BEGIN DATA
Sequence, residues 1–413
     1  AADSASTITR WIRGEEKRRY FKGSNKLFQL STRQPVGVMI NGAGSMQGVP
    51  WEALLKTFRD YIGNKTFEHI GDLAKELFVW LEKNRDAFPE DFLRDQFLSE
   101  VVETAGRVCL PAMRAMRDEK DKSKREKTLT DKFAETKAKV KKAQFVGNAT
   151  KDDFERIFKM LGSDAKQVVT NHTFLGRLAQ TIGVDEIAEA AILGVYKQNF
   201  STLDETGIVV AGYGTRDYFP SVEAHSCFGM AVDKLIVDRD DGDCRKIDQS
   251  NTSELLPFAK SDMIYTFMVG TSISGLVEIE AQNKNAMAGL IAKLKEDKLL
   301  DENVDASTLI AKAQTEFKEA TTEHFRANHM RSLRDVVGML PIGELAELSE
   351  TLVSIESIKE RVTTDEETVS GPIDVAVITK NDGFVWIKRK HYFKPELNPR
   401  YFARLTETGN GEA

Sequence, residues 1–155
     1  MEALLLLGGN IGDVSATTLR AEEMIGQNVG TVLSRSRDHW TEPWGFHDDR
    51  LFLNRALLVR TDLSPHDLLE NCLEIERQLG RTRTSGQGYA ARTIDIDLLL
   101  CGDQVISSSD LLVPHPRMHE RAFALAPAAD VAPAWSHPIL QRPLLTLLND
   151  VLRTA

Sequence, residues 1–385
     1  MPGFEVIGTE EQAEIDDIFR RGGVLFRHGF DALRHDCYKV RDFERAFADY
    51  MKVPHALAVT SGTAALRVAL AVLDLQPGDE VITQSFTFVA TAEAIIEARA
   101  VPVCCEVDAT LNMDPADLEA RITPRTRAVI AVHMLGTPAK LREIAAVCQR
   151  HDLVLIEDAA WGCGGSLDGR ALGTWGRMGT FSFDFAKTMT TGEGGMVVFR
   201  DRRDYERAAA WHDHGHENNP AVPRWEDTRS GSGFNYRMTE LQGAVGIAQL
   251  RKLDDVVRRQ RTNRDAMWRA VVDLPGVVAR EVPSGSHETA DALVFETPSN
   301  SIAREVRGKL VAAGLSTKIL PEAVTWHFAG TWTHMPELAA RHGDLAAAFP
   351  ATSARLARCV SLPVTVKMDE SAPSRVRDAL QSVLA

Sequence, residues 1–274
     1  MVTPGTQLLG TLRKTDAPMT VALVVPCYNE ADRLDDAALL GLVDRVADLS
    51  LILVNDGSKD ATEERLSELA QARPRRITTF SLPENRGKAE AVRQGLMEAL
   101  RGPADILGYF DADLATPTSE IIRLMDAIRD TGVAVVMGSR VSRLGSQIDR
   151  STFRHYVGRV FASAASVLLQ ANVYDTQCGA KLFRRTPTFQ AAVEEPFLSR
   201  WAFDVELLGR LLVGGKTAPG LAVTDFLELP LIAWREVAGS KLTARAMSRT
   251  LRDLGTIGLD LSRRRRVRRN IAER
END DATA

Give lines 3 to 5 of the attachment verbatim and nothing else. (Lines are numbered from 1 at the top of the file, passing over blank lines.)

    51  WEALLKTFRD YIGNKTFEHI GDLAKELFVW LEKNRDAFPE DFLRDQFLSE
   101  VVETAGRVCL PAMRAMRDEK DKSKREKTLT DKFAETKAKV KKAQFVGNAT
   151  KDDFERIFKM LGSDAKQVVT NHTFLGRLAQ TIGVDEIAEA AILGVYKQNF